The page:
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Does CAV2 need a Critical Hit mechanic?  

29 members have voted

  1. 1. Does CAV2 need a Critical Hit mechanic?

    • Yes, with Variable Results (extra damage thrugh total destruction)
      21
    • Yes, with Static Results (like an extra track of damage each time it happens)
      5
    • No
      2
    • Don't Care
      1


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Theres a discussion going on over at MIL-NET about the lack of a critical hit in CAV2. While I haven't really missed it in playetesting, it was very fun to get the ONE-SHOT-ONE-KILL result.

 

If we could have a poll with the following options, that would be very nice indeed (Frosch, I'm looking in your direction ::): ).

 

Does CAV2 need a critical hit Mechanic?

 

1. Yes, with Variable Results (extra damage thrugh total destruction)

2. Yes, with Static Results (like an extra track of damage each time it happens)

3. No

4. Don't Care

 

Please also use this thread to discuss your opinions, and also to offer suggestions on how such a mechanic might work in game, if you're in favor of it.

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I absolutely think it does. I want Puma's and Kahn's to be affraid of Rhino's and Revenant's. The Super-heavy CAV's are meant to intimidating and without that possibility of utter destruction they lose some of their "teeth". Sometimes the threat of destruction is sufficient to force my opponent to withdraw from a position I've convinced him is untenable or force him into a course of action of my choosing.

 

I love having the possibility of destroying a tank or aircraft or even a small CAV with one pull of the trigger. The JOR's describe the Maxim and Charvelle autocannon's as something to be feared. I'd like to see it kept that way.

 

I voted for option #1. I like the variable result because it add's to the "visualization" of unit's twisting and turning and dodging to avoid enemy fire. Part of the fun of a game for me is the "drama" of it. "Oh crap, my opponent just beat my roll by 16!" *NAIL BITING* "Phew, just one extra track of damage!" It also adds that "x" factor of actual combat.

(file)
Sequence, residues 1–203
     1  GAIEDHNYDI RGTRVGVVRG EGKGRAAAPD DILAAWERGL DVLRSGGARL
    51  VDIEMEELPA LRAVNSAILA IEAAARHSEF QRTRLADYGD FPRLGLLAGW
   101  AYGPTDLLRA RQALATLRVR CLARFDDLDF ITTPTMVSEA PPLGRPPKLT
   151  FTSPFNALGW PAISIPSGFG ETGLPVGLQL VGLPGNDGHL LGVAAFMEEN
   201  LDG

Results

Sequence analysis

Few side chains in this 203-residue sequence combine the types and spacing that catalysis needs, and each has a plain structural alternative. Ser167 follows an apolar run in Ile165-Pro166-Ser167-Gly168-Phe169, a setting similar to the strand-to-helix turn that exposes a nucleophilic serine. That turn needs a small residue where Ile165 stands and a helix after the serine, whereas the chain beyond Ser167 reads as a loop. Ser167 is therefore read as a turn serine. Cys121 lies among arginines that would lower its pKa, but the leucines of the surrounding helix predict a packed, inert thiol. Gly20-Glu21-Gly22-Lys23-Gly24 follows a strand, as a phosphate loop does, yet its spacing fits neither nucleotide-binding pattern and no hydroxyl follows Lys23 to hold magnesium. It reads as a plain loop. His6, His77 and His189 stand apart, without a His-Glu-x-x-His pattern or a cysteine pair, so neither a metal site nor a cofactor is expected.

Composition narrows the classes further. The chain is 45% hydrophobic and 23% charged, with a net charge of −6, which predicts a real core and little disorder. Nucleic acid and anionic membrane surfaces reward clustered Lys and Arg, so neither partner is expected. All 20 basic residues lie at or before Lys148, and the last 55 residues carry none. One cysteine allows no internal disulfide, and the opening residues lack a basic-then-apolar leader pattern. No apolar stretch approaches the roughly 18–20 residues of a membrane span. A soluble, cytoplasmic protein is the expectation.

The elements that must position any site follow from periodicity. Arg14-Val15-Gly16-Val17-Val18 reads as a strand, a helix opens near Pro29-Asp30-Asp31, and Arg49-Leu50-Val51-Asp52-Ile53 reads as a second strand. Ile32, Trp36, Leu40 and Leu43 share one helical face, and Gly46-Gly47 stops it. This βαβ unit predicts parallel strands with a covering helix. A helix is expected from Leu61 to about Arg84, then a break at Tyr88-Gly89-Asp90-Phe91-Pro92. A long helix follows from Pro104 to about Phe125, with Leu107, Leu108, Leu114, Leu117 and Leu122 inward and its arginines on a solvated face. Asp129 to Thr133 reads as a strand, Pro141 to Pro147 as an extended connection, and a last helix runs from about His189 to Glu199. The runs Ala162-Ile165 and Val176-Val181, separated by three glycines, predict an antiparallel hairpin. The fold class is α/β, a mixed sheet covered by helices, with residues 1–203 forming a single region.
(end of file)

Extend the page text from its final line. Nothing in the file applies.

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What I was thinking, in the spirit of keeping things simple, was a Critical hit that works like this:

 

1) Roll a Valid "perfect 10".

2) Check to see if that "Perfect 10" roll also exceeds the DV of the target.

3) If the roll is >= Target DV as well as a perfect 10, do an extra track of damage. Otherwise, it's just an automatically succesful attack roll.

 

It works for many levels:

1) No Extra Dice rolling.

2) The chance of Critical damage against a target actually increases as it becomes more damaged.

3) As attacks become easier or harder to hit with, the chance of the perfect 10 being a critical hit changes accordingly.

4) Gives harder-hitting units some satisfaction from rolling that 10 that they didn't really need.

5) I think the concept of a critical hit works in a sci-fi universe. It doesn't so much for heroic fantasy like warlord where the big hitters are supposed to take acres and acres of punishment before going down. Where technology comes into play, there's always the chance that a reactor or ammo cache or cockpit is going to take the shot and ruin someone's day.